If a stone is thrown down at 100 ft/s from a height of 1,250 feet, its height after t seconds is given by s = 1,250 − 100t − 16t^2 Estimate its instantaneous velocity at time t = 2

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If a stone is thrown down at 100 ft/s from a height of 1,250 feet, its height after t seconds is given by s = 1,250 − 100t − 16t^2 Estimate its instantaneous velocity at time t = 2

Mathematics
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We know that the equation for instantaneous velocity is \( f'(x)=\large \frac{f(x+h)-f(x)}{(x+h)-x}\)
Are you familiar with this equation?
yes

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Other answers:

so \(f(t)=1250-100t-16t^2\) \(f(t+h)=1250-100(t+h)-16(t+h)^2\) so \(f'(x)= \large \frac{(1250-100(t+h)-16(t+h)^2)-(1250-100t-16t^2)}{(x+h)-x}\) \(f'(x)=\large \frac{1250-100t-100h-16t^2-32th-16h^2-1250+100t+16t^2}{h}\) \( f'(x)=\large \frac{-100h-32th-16h^2}{h}\) \(f'(x)= \large \frac{h(-100-32t-16h)}{h}\) \(f'(x)=(-100-32t-16h)\)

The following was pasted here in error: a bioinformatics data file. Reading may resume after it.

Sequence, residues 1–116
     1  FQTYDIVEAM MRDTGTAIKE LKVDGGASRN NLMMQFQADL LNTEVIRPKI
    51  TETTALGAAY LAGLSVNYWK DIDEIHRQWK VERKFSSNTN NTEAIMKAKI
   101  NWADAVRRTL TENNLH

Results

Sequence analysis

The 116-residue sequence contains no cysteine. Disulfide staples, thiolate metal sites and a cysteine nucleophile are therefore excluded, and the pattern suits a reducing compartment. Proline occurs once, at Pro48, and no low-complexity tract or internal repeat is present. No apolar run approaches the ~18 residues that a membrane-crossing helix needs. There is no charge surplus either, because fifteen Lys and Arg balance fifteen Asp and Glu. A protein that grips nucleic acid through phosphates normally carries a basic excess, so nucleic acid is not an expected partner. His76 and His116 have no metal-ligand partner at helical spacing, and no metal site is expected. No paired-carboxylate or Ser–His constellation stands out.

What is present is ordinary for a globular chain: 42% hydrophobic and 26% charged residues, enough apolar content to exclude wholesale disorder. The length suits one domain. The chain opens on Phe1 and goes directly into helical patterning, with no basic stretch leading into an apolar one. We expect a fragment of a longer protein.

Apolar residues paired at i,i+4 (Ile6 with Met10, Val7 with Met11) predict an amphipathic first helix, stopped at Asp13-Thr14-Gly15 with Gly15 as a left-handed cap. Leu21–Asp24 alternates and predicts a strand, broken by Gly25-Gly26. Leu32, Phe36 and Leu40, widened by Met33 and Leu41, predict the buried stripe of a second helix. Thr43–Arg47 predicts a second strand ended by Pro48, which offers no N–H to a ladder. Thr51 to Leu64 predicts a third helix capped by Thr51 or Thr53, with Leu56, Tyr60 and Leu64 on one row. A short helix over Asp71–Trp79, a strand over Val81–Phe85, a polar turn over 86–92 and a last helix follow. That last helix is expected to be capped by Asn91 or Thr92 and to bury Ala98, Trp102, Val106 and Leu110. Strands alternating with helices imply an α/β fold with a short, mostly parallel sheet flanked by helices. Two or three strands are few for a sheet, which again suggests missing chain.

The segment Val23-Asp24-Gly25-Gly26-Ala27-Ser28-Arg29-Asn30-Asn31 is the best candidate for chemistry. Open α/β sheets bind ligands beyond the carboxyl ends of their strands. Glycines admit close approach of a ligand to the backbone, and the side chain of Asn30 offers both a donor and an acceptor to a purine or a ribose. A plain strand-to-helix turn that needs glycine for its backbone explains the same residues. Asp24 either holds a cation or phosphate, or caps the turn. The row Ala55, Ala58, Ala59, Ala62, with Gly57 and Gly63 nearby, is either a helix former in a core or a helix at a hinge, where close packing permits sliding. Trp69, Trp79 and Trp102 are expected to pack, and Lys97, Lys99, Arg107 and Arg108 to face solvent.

Ok Are you familiar with limits? Like what does f'(t) equal as h approaches 0?
Did ya follow so far?
Yes I follow so far
Ok and keep in mind by accident I used X's in stead of T's so just ignore that
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ok so the difference btwn x and x+h is just h
Basically we have 2 points; x and x+h and we want them to beee sooooo close together So we want h to be realllllly small So we want h to be like nearly 0 Like the number right next to 0 So there is this method called limits and we limit the equation meaning we want to see what the equation will equal as h APPROACHES 0 \(\large f'(t)_{\lim h \to 0} -100-32t-16h\) Now there is only one term that has h in it which is -16h Now as h approaches 0 then -16h approaches 0 since 16*.00000000001=.00000000016 So its basically 0 so we consider it as if it is 0 and just trash that whole term \(\large f'(t)_{\lim h \to 0} -100-32t-16h=-100-32t\) Now we need to find the Instantaneous velocity when t=2 So we plug into our equation t=2 \(f'(2)=-100-32(2)=-164
So at t=2 the stone is travelling -164 ft/s downwards
I hope you followed :)
Thank You so much!!

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